William Edward Hartpole Lecky




From a letter by William E. H. Lecky of 20 June 1879 to Herbert Spencer
I am glad to gather from your prospectus that you mean in the ensuing parts to deal with the different groups of classes of virtues separately, describing, no doubt, their genesis, their relations to one another, their limitations and their proportionate value. Most books on moral philosophy seem to me almost worthless because they do not deal sufficiently in the concrete, do not divide or distinguish the different kinds of moral action and show how frequently they conflict with one another, and how trains of circumstances which foster one class of virtues will often inevitably depress another. . . . I think a great deal has still to be written on the filiation of moral qualities, on the history of moral types—the proportionate value which different qualities beat in the ideals of different ages.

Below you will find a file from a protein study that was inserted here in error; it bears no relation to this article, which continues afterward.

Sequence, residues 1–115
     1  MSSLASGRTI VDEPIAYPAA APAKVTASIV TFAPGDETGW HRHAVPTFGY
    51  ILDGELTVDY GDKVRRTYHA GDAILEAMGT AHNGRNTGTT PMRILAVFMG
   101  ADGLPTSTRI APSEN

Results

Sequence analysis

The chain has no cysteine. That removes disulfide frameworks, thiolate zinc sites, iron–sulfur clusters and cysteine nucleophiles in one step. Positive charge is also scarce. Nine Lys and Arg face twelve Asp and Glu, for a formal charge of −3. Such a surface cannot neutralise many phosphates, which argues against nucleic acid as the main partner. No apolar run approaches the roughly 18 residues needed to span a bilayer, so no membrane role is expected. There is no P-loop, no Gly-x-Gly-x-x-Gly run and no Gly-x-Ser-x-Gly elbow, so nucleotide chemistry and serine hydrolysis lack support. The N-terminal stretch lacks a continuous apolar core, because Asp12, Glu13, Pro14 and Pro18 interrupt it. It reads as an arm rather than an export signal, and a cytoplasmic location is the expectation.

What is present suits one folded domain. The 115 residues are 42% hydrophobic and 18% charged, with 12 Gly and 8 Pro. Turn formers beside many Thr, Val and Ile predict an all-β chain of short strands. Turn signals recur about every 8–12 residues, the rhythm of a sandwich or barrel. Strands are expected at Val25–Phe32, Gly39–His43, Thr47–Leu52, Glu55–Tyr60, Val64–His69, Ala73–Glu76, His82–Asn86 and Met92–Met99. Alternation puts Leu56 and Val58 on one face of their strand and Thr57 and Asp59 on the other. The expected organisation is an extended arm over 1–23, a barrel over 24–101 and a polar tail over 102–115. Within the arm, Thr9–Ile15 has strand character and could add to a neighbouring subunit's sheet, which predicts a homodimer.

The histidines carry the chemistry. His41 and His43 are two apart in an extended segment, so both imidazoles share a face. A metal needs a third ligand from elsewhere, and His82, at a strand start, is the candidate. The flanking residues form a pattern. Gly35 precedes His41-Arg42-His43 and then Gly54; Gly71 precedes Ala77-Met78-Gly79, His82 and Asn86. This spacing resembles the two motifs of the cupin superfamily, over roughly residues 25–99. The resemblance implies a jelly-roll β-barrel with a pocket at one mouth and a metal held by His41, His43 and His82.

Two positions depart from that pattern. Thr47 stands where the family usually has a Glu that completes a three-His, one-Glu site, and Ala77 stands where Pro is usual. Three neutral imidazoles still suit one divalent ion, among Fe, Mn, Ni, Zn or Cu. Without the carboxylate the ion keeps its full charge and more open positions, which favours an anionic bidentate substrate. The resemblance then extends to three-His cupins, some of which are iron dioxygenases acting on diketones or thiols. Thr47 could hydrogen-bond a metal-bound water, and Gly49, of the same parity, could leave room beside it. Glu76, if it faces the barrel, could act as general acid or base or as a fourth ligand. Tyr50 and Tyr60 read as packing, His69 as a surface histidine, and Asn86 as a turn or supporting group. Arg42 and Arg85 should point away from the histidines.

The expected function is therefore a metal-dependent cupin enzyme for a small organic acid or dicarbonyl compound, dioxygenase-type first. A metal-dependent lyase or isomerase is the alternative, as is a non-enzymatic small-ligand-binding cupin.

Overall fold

(Vol. I, pp. 263-4)

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"During a week at Brighton, in March [1881], he [i.e. Spencer] met the Leckys almost daily,  "

(Vol. I. p. 286)

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"  He moved into 5, Percival Terrace, Brighton, soon after the beginning of 1898, hoping, as he wrote to Mr. Lecky, that his London friends would use his house as an hotel, so that he might see them as often as possible. "  

(Vol. II, p. 130)


From a letter by Herbert Spencer of 25 October 1903 to Mrs. Lecky

The praise of those who are gone very generally contains insincerities, but among the many things which, were I physically able, I might dictate from my sick bed, I can think of none that are not laudatory.

Intellectually clear and judicial, Mr. Lecky was morally sincere in an extreme degree, and his devotion to the setting forth of historic truth has been conspicuous to me as to every one.

(Vol. II, p. 225.)

New York : Appleton 1908


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W. Paul Tabaka
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